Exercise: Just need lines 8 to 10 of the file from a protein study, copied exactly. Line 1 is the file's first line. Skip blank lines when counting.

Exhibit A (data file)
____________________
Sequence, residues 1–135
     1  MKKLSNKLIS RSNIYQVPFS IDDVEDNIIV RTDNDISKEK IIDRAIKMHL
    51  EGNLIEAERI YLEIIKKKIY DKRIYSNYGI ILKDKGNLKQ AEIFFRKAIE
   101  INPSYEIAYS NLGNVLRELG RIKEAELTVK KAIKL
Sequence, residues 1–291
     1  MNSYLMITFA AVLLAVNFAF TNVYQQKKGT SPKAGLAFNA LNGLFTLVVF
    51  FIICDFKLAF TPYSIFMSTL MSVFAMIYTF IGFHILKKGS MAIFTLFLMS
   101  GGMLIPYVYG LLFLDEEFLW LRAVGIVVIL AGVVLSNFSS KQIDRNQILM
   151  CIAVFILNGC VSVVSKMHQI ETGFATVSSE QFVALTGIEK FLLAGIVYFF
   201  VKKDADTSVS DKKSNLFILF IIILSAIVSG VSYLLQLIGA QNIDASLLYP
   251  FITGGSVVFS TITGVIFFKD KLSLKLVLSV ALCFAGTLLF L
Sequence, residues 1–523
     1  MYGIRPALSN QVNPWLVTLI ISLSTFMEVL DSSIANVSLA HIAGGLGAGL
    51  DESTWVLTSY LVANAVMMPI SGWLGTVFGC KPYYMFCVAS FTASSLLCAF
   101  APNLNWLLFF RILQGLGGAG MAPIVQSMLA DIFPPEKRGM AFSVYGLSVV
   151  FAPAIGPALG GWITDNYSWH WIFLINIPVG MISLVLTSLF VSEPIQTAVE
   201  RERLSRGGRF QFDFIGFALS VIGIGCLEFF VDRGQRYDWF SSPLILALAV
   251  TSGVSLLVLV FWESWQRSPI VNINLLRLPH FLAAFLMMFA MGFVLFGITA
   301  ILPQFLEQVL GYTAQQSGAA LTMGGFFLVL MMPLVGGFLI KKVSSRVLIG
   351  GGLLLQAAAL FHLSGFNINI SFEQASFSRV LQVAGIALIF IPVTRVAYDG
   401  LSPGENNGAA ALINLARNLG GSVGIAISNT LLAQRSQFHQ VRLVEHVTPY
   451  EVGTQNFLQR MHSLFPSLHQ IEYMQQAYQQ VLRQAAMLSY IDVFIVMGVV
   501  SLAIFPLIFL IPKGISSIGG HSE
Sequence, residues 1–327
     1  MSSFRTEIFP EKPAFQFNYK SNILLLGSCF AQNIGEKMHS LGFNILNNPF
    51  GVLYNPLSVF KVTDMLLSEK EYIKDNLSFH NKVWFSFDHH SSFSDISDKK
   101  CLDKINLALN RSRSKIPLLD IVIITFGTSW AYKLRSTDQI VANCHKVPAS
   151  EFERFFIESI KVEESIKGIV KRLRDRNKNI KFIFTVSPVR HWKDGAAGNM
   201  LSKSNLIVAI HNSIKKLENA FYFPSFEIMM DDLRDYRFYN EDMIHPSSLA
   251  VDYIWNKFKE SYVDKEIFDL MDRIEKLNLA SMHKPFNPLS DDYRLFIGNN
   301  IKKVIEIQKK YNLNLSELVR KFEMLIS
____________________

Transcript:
   101  GGMLIPYVYG LLFLDEEFLW LRAVGIVVIL AGVVLSNFSS KQIDRNQILM
   151  CIAVFILNGC VSVVSKMHQI ETGFATVSSE QFVALTGIEK FLLAGIVYFF
   201  VKKDADTSVS DKKSNLFILF IIILSAIVSG VSYLLQLIGA QNIDASLLYP